Russia’s government says that a Russian ruble will come about in three to seven years.
It believes that a central bank-backed digital currency (CBDC) could help make payments transparent, thus fighting corruption and poverty. Another official believes a pilot project could be launched by the end of 2021.
Though Russia has been lukewarm toward digital currencies in the past, the president’s special spokesperson Dmitry Peskov believes the Russian Federation sees no rush to digitize the ruble. Peskov told RIA Novosti that a digital ruble would be developed in three to seven years.
The former diplomat said that it is not important to be the world leader in digital currencies and that using the proper technology is more important. Peskov added that being a “fast second” would be better than a rushed first, citing high financial risk and the advantage of learning from the mistakes of others.
Anyway, he added, in order to become the world’s leader in CBDC, Russia would have had to, “start four years ago.”
In a seemingly conflicting statement, head of the Bank of Russia Elvira Naibullina said during an online press conference on Oct. 23 that a pilot digital ruble could come about by the end of 2021. She also stressed that the final decision to create a CBDC was still up in the air.
In October, the Bank of Russia released a compressive report about the possible creation of the digital Russian Ruble. The report included questions remaining for public discourse, including when and if to support the digital currency.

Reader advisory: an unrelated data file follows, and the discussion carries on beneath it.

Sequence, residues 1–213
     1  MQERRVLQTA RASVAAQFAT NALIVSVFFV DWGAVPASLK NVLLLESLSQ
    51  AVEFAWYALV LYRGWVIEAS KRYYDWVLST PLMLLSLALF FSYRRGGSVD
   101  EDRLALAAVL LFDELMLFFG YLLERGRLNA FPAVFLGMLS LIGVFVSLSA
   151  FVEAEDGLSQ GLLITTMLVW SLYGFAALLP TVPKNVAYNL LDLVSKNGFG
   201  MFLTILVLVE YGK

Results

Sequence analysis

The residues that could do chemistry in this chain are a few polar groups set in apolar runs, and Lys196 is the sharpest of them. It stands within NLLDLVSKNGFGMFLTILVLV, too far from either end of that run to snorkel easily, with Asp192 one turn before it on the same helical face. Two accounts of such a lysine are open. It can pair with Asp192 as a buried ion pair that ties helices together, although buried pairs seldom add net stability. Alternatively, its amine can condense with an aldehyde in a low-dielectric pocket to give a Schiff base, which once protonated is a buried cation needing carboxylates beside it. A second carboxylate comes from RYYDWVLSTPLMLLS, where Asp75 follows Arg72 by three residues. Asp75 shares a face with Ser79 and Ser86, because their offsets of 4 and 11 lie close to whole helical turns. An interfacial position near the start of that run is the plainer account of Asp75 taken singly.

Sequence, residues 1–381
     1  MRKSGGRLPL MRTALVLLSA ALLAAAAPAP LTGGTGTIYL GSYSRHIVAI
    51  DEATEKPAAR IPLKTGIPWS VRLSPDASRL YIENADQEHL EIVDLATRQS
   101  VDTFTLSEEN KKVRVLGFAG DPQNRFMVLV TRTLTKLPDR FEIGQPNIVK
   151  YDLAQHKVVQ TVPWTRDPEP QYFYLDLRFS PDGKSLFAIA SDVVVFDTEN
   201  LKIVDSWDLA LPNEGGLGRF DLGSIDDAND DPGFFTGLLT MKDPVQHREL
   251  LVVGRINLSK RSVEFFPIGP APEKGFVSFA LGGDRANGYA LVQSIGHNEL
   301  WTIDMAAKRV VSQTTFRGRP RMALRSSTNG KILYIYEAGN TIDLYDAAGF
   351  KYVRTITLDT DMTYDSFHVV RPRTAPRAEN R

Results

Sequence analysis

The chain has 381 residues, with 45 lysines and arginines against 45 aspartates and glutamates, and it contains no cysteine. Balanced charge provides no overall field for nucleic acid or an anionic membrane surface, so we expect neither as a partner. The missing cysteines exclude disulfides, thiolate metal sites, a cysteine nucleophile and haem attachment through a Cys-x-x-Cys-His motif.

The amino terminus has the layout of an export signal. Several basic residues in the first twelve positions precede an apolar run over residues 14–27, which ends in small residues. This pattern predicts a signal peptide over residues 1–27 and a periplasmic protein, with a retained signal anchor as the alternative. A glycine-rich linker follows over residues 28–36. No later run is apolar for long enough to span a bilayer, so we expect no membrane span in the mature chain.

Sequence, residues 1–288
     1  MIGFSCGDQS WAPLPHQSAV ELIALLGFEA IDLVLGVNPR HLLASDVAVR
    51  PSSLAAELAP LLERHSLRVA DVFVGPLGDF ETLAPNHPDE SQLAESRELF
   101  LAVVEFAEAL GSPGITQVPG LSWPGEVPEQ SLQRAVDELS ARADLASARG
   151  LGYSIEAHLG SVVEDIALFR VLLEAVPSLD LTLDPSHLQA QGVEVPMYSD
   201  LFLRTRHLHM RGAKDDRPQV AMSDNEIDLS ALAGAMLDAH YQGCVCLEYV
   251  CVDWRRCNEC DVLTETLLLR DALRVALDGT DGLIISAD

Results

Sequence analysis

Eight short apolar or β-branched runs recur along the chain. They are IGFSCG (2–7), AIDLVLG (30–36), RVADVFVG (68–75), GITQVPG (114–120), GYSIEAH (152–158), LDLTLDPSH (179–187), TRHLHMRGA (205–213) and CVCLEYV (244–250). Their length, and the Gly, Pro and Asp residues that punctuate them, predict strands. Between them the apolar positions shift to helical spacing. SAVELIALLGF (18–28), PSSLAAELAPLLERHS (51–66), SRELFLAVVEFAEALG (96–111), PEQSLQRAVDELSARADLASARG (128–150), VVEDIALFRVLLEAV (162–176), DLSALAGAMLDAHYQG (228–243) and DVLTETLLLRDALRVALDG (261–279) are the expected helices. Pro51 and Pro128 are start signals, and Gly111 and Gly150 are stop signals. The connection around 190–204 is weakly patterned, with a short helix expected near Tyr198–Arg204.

Decentralized Fight Against Poverty
Naturally, large financial institutions could benefit from digital ruble transfers. But Peskov, who speaks for the Kremlin, had smaller transactions on his mind. The Russian spokesperson explained how transparent payments via a digital ruble could help with the fight against poverty:
“In order to understand who we really need to help, we need to understand the transactions that support a household. Otherwise, we might need to support a home’s upkeep with 200,000 [$2,616] rubles a month only to find that the household requests additional social welfare. That’s why we need a digital ruble.”
In other words, by tracking micro-transactions, the government could understand the actual cost of living and perhaps how benefits are spent, rather than just relying on reports.
According to CEIC, the average Russian household’s annual income is $6,533, significantly smaller than Peskov’s example.
While Russia has wrestled with a digital ruble for months, it has also increasingly regulated other cryptocurrencies. In September 2020, the Russian Association of Cryptoindustry and Blockchain (RACIB) noted that crypto mining regulation brought Russia down to the technological level “of Afghanistan”.
Meanwhile, regulators also made moves to have citizens legally declare crypto transactions and announce ownership of their crypto wallet addresses. Earlier, Russian prime minister Mikhail Mishustin called upon the country to create a digital monetary platform “in the best sense of the word.”
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